idiomsandtheirmeaningsAn idiom is a phrase, or a combination of words, that has developed a figurative meaning through frequency of use. Idioms are a staple in many different languages, and are often shared across languages through numerous translations. They can be useful and even fun to use, but are also bound to confuse any new speaker of a language who isn’t familiar with the phrase’s cultural relevance.

For instance, what does it mean to “spill the beans,” and why is everyone making such a fuss over someone doing it? Why are they telling that person to “break a leg” on stage? It doesn’t look like that person has a “chip on their shoulder.”

This guide will go over a large list of common American English idioms and their meanings, along with examples to help you better understand the context you need to use them in. Before you start to focus too much on silly phrases like idioms, it’d be worth it to work on your English language fluency with a course like this.

Idioms Are a Piece of Cake!

Perhaps even more embarrassing than not understanding an idiom is misusing it. Because of how nonsensical the phrases can be – piece of cake? – you don’t want to get caught using them in an incorrect context. Take the idiom used in the header above: “Idioms are a piece of cake.” When you refer to something as a “piece of cake,” you’re calling it easy. In this context, the header is saying that idioms are easy to understand and use.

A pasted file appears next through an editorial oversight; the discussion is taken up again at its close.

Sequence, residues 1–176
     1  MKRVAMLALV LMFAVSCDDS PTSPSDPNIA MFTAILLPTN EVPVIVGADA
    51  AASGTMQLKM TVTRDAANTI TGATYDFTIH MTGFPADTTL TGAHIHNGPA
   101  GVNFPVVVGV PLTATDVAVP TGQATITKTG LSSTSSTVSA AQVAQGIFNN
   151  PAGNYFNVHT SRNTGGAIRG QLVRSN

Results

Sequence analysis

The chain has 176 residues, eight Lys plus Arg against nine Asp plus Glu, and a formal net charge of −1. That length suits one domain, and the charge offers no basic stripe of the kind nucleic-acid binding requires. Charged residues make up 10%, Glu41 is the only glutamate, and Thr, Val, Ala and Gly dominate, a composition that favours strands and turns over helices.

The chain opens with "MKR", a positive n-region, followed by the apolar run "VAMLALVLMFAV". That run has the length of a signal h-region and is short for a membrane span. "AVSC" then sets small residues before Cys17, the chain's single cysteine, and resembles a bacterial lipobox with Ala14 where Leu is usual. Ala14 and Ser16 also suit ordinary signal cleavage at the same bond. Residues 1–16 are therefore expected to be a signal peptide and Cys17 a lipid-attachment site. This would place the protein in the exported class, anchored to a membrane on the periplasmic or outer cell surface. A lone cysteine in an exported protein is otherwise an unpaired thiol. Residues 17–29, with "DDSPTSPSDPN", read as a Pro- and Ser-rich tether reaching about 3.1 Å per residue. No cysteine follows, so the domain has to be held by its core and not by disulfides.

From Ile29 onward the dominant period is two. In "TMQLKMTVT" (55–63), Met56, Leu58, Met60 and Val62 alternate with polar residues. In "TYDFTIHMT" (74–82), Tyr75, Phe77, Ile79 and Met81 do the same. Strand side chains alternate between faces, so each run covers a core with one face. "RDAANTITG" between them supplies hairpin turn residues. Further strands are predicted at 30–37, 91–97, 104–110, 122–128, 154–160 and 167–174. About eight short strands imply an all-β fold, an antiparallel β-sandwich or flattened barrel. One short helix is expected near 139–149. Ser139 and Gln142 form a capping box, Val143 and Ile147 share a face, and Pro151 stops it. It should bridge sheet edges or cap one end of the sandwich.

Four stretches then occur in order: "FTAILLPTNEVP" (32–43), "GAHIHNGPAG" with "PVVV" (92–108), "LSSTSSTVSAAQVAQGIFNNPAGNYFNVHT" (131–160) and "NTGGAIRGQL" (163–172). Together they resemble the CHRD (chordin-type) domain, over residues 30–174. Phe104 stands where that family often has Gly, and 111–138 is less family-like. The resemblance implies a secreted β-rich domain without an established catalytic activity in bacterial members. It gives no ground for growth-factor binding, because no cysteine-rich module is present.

While it might seem like idioms are definitely not a piece of cake, to someone first learning about them, I can assure you, the more of them you hear and study, the easier they’ll be to accept as just a natural part of the English language! Let’s take a look at some examples.

List of Idioms and Their Meanings

The following list of idioms will be in alphabetical order, with an explanation and contextual example provided for easier comprehension.

actions speak louder than words

add fuel to the fire

all bark and no bite

at the drop of a hat

beating around the bush

a bird in the hand is worth two in the bush

blessing in disguise

break a leg

chip on your shoulder

come hell or high water

cry over spilt milk

cut to the chase

hit the nail on the head

piece of cake

slap on the wrist

spill the beeans

taste of your own medicine

Consider taking an elementary English language course for beginners or this class on understanding real American English speech patterns for more information on the English language, and all of its quirks.

Idioms students also learn

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